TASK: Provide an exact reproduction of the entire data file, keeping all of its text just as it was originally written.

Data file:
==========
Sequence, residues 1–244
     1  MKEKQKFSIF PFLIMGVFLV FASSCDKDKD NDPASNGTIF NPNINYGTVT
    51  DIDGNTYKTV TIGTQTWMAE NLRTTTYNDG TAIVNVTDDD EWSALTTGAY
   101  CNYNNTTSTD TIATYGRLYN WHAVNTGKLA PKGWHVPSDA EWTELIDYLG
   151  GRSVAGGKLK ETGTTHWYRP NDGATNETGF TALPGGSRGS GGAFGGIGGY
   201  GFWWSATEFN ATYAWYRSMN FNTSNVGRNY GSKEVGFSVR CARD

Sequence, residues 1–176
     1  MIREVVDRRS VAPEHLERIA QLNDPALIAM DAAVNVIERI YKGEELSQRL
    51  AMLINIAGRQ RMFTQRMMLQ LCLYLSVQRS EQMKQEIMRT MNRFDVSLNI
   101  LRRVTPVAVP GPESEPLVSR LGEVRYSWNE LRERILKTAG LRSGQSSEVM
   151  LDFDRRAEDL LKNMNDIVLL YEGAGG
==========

Sequence, residues 1–244
     1  MKEKQKFSIF PFLIMGVFLV FASSCDKDKD NDPASNGTIF NPNINYGTVT
    51  DIDGNTYKTV TIGTQTWMAE NLRTTTYNDG TAIVNVTDDD EWSALTTGAY
   101  CNYNNTTSTD TIATYGRLYN WHAVNTGKLA PKGWHVPSDA EWTELIDYLG
   151  GRSVAGGKLK ETGTTHWYRP NDGATNETGF TALPGGSRGS GGAFGGIGGY
   201  GFWWSATEFN ATYAWYRSMN FNTSNVGRNY GSKEVGFSVR CARD

Sequence, residues 1–176
     1  MIREVVDRRS VAPEHLERIA QLNDPALIAM DAAVNVIERI YKGEELSQRL
    51  AMLINIAGRQ RMFTQRMMLQ LCLYLSVQRS EQMKQEIMRT MNRFDVSLNI
   101  LRRVTPVAVP GPESEPLVSR LGEVRYSWNE LRERILKTAG LRSGQSSEVM
   151  LDFDRRAEDL LKNMNDIVLL YEGAGG